Wat Si Saket, Vientiane.
Built in the early 1820's Wat Si Saket is the oldest temple in Vientiane and was lucky to be spared by the marauding Siamese in 1827, probably to to having a distinctive Siamese (Thai) style. It has been restored a couple of times in the last century and also partly as recently as 2010. There is a lovely garden where we managed to have lunch on our 2nd day in Vientiane alongside some novice monks.
There is a small museum in the centre of the complex costing 5000 LAK per person, but we didn't enter.
Lao National Museum.
Housed in a French colonial house, this is quite an eclectic collection of items, ranging from dinosaur bones through to the struggle for Independance and move to Communism. The exhibition of UXO's are also thought provoking. Also quite a few clothes and jewelry from the different ethnic minorities, numbering 49 in PDR Lao. All in all it's not very well laid out and very austere, but admission price is only 10.000 LAK (0,90€) so can be considered a worthwhile visit. In the surrounding garden there a couple of magnolia trees in full bloom and also one of the jars from the Plain of Jars can be seen.
Museum is open every day except national holidays from 8h00 to 12h00 and 13h00 to 16h00
Important point is that no bags or cameras are allowed inside and must be put into lockers at the entrance. You do get to keep the key during your visit.
That Dam, Vientiane.
Not really a to-do sort of place as you can only walk round the outside. But it is situated on a quiet roundabout on the corner of the American Embassy and does have two Laotian legends attached to it. The first that there is a dormant seven-headed Naga that lived here and rose up to protect the city against the ravages of the Siamese in 1828 and the stupa is still revered because of this by the people. This, although the stupa is crumbling and sorely neglected.
The other legend is that the stupa was once covered in gold, that was stolen by the same Siamese during the same Laotian/Siamese war. Hence its now known as the "Black Stupa".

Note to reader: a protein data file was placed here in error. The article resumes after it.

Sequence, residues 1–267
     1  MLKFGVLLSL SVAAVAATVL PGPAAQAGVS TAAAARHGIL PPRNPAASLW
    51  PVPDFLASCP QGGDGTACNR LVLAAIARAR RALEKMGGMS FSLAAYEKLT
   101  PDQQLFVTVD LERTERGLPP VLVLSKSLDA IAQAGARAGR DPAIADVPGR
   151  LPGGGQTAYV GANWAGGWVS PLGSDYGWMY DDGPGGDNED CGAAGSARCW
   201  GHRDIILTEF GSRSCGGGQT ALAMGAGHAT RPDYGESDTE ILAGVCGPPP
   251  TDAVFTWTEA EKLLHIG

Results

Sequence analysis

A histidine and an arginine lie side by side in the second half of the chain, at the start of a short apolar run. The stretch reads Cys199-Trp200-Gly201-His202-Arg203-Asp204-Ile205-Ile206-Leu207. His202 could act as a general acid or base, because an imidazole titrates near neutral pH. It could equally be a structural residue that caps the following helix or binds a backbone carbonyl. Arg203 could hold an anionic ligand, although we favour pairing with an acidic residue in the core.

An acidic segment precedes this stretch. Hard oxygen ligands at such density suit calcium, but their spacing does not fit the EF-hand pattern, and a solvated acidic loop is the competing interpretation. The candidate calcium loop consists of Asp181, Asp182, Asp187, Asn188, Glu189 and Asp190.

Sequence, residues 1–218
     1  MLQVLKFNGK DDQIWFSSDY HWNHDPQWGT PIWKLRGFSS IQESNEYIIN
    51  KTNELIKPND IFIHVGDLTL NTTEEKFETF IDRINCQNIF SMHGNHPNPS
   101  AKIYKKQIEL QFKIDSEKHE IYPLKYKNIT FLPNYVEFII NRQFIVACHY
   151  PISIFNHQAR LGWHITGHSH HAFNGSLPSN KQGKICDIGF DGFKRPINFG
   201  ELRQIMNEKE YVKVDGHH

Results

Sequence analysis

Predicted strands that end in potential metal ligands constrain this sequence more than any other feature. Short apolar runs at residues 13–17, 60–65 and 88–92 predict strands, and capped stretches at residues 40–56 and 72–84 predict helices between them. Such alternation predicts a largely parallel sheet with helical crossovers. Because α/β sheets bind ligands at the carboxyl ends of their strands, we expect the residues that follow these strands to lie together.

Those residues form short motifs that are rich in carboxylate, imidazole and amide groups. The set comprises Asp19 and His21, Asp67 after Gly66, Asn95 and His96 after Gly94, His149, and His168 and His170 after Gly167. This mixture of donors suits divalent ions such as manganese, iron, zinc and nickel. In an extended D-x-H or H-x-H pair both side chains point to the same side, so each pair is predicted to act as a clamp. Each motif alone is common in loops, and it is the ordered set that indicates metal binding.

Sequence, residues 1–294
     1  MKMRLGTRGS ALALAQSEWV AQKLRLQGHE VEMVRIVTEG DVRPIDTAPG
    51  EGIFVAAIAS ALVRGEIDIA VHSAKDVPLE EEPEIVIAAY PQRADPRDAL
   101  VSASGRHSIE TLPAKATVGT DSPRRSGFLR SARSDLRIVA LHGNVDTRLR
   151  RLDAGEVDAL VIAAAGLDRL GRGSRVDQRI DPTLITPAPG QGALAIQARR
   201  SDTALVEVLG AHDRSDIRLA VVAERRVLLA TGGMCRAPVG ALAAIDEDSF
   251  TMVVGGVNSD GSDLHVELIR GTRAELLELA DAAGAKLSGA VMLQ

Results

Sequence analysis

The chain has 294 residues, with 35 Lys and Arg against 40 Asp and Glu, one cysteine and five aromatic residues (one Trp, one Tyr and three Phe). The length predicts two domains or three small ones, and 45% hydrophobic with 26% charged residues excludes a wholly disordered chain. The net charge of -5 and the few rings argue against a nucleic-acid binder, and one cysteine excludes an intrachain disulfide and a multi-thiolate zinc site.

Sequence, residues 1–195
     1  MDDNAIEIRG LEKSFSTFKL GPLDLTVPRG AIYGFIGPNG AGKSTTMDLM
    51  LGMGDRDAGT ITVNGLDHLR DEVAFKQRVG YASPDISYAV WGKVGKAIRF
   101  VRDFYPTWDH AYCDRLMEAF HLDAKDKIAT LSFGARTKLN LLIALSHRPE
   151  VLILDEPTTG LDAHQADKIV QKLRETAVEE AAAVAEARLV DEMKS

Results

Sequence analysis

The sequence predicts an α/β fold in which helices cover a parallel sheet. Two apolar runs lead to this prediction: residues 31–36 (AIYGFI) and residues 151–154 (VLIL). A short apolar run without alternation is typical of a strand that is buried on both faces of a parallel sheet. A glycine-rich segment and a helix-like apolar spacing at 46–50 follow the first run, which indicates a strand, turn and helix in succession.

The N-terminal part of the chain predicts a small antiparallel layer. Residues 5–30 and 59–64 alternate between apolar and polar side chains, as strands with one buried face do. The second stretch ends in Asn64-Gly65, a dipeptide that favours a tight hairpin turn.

One good thing here is at one side of the stupa is a small garden owned by a Japanese and used as a café/breakfast shop. Called the "White Cats coffee house and Orchid garden", they do a splendid Mango fruit shake (See the menu on the pic below)
Vientiane's own Victory gate or Arc de Triomphe can be found quite easily being at the opposite of Lane Xang avenue to the Presidential palace. Originally called Anousaveli the 5 domed arch is dedicated to the soldiers that fought in WWII and also against the French in their war of Independance. Apparently built with American cement in the years 1957-69, that was supposed to be used for a new airport. The Laotians had other ideas. The Pathet Lao, coming to power in 1975 re-named the monument Patuxai. You can climb right to the top of the seven floors by using one of the staircases beneath the SW pillar. Admission cost is 5000 LAK (0.40€).
Wat Chan(thabuli), Vientiane
Generally known by its shortened name this wat is part of a group of 4 that are not generally on the tourists path. This one is easy to find as it sits on Fa Ngum, the street that runs alongside the Mekong and is close to the night market. Very peaceful and quiet as it a working temple, so please be respectful of the monks and the buildings. The main Sim houses a bronze Buddha with the entrance guarded by the ever-present Naga snakes. Next to it is a drum tower, protected by a meditating Buddha sheltered by the seven-hooded snakes called Mucalinda. There are also other beautiful buildings to see from the outside without intruding.
TIP - In the main garden there are toilets that can be used, although they are unmarked, they are easy enough to find.
Ho Prakeo temple and museum
It is among the most significant temples in Vientiane only across the street from Wat Sisakhet. With its display of many ancient Buddha sculptures and religious script imprinted in stone it becomes one of most venerated places which is in the same time a small museum.
There are lots of details worth looking at from the outisde and inside, it is fine example of Lao craftmanship and architecture.
For more history read below page.
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notable reliefs and roof of Wat Haysok
Hidden behind wall protecting it from direct views and motor traffic, this is the temple with impressively steep multi-layered roof. Its courtyard is most pleasant, leafy, shaded and as it's the case with temples - it's all quiet place, perfect for contemplation. Only sometimes you'll see its doors open, though. Outside you can hear and see many birds in the crowns of the trees, listen their singing... it's beautiful.
Nevertheless, sit down by the table and make a note to your book or write sentences to a postcard or letter. There are few monks, novices and kids around; they may as well you something more about temple if you ask kindly.
Wat had been recently renovated, so its golden reliefs from Ramayana epics, mixed within local historic conext look very good on the window sceens. By the enclosure, few golden statues stay and lay below large banyan tree; furthermore... stupas with 'bone' and 'dust' of deceased taking final rest in peace, alligned by the edges of temple, as the tradition suggests.